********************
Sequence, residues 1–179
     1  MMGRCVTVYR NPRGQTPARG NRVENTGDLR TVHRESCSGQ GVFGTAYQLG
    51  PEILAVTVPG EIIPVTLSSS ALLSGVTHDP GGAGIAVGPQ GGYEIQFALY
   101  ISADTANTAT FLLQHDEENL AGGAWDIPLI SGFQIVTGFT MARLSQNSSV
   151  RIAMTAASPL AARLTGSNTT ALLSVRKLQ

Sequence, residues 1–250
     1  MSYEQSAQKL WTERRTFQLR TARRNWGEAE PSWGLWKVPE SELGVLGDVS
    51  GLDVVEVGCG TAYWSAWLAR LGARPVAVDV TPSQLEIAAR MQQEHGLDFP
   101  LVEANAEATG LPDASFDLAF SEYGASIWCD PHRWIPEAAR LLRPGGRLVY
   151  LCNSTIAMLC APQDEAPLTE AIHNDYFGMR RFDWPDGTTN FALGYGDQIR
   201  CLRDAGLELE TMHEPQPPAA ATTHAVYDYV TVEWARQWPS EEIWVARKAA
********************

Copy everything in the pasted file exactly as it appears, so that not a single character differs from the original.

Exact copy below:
Sequence, residues 1–179
     1  MMGRCVTVYR NPRGQTPARG NRVENTGDLR TVHRESCSGQ GVFGTAYQLG
    51  PEILAVTVPG EIIPVTLSSS ALLSGVTHDP GGAGIAVGPQ GGYEIQFALY
   101  ISADTANTAT FLLQHDEENL AGGAWDIPLI SGFQIVTGFT MARLSQNSSV
   151  RIAMTAASPL AARLTGSNTT ALLSVRKLQ

Sequence, residues 1–250
     1  MSYEQSAQKL WTERRTFQLR TARRNWGEAE PSWGLWKVPE SELGVLGDVS
    51  GLDVVEVGCG TAYWSAWLAR LGARPVAVDV TPSQLEIAAR MQQEHGLDFP
   101  LVEANAEATG LPDASFDLAF SEYGASIWCD PHRWIPEAAR LLRPGGRLVY
   151  LCNSTIAMLC APQDEAPLTE AIHNDYFGMR RFDWPDGTTN FALGYGDQIR
   201  CLRDAGLELE TMHEPQPPAA ATTHAVYDYV TVEWARQWPS EEIWVARKAA